The robot will remember it for you
May 14, 2009 8:24 AM Subscribe
posted by ardgedee (7 comments total)
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is an automated Twitter feed providing helpful links to news items from the past 14 years that might be relevant to current events. For example, when masses of people started googling medical information
after a news item about 200,000 patients' medical histories being accidentally exposed, NPRbackstory linked to an April 2008 analysis of the advantages and disadvantages of storing patient records online.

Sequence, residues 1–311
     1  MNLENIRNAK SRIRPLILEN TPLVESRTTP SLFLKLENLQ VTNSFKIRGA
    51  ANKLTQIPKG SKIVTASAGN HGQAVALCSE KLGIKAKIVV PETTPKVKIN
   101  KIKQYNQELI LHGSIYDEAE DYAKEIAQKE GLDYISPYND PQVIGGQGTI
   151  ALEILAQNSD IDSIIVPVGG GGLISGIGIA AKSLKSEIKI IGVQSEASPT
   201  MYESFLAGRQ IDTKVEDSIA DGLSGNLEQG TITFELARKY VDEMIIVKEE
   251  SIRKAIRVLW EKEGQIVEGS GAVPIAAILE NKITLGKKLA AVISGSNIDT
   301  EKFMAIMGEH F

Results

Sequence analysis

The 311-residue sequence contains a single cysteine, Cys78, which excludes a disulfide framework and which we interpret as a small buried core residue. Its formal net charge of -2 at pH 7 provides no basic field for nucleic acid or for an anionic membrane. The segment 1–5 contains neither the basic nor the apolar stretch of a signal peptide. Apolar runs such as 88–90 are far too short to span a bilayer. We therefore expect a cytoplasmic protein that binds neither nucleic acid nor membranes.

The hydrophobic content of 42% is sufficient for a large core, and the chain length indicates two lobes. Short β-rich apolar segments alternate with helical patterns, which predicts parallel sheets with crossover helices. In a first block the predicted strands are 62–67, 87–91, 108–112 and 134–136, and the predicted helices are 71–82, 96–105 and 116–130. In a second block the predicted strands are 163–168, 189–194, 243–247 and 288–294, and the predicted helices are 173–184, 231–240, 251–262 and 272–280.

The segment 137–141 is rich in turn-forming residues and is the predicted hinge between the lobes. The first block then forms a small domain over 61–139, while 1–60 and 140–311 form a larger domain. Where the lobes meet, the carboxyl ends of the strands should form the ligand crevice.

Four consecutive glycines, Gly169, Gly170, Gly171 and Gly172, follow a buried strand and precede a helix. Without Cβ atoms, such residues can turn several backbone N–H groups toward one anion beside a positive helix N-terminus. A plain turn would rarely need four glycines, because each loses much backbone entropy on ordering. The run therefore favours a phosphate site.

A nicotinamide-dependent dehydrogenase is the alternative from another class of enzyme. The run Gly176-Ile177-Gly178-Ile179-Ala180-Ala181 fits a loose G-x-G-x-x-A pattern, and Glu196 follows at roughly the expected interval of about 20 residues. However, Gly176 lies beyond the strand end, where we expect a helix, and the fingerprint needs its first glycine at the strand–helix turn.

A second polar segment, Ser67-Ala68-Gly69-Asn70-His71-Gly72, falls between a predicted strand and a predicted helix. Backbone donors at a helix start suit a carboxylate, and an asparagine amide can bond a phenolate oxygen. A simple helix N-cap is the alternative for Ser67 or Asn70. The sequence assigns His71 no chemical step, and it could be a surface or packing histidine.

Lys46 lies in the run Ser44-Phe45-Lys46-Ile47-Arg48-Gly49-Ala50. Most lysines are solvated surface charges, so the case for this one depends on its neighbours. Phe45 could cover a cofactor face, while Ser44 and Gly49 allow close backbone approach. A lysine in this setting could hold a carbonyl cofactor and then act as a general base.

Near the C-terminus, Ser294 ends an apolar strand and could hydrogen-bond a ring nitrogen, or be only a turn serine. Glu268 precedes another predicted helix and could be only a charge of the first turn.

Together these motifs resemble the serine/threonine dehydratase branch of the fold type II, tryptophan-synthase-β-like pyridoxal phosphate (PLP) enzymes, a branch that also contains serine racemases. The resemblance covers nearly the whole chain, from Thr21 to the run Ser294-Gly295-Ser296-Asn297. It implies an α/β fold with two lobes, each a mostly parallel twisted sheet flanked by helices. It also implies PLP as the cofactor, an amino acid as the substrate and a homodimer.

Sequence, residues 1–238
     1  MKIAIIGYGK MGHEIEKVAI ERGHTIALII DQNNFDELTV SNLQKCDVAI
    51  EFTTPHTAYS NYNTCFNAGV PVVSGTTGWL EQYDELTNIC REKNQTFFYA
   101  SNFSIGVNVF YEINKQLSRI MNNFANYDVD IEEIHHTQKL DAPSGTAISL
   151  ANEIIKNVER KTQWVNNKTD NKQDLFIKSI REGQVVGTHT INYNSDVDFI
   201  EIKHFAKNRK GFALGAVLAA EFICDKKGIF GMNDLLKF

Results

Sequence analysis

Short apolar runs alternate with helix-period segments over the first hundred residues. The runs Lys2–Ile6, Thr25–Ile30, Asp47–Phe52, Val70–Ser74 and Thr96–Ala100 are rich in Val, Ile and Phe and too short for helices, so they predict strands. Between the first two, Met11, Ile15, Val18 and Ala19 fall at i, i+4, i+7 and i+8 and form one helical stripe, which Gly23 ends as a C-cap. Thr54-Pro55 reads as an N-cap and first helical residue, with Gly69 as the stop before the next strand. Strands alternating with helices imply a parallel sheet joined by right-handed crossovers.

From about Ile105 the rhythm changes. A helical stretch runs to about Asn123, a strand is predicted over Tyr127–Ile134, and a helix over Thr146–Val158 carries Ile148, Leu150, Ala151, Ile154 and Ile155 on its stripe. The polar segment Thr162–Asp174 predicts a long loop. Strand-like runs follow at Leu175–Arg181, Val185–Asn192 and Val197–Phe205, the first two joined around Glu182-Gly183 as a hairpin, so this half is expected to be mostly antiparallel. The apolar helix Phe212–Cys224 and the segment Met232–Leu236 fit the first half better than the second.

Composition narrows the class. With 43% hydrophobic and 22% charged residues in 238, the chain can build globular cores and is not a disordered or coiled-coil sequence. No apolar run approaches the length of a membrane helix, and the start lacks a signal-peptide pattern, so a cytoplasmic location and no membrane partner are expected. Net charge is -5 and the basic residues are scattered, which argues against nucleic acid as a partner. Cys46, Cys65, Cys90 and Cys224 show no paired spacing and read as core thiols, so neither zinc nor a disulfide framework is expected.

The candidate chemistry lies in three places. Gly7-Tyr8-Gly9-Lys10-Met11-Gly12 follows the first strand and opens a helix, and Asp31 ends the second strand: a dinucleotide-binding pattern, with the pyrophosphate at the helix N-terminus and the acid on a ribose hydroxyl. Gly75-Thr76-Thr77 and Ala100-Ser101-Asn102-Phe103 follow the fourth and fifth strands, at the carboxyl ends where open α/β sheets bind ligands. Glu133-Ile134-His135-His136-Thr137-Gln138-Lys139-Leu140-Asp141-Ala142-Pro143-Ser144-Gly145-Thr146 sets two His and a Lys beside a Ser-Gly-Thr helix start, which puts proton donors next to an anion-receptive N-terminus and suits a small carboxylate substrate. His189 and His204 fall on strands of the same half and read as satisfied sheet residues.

" The results, Keith will be the first to tell you, aren’t perfect. He estimated... that about 50 percent of the links aren’t really to archival stories.... Another 15 percent of the results are complete misses. Those are usually caused by search terms that have multiple meanings. And once in a while there’s something way out of left field, like this attempt to tie "plankton" to a memoir by the advice columnist Ask Amy. But the rest of the time, it works really well — plucking a gem from the NPR archives that adds context and depth to some subject in the news. Keith compared it to the way that Fresh Air’s three-decade archive allows it to air something old but newly timely whenever a past interview subject is in the news again.
It's a personal project of Keith Hopper
, using NPR's news API, Google's Hot Trends
list of currently-popular search terms, and a variety of other tools; Hopper's page provides more technical info. [via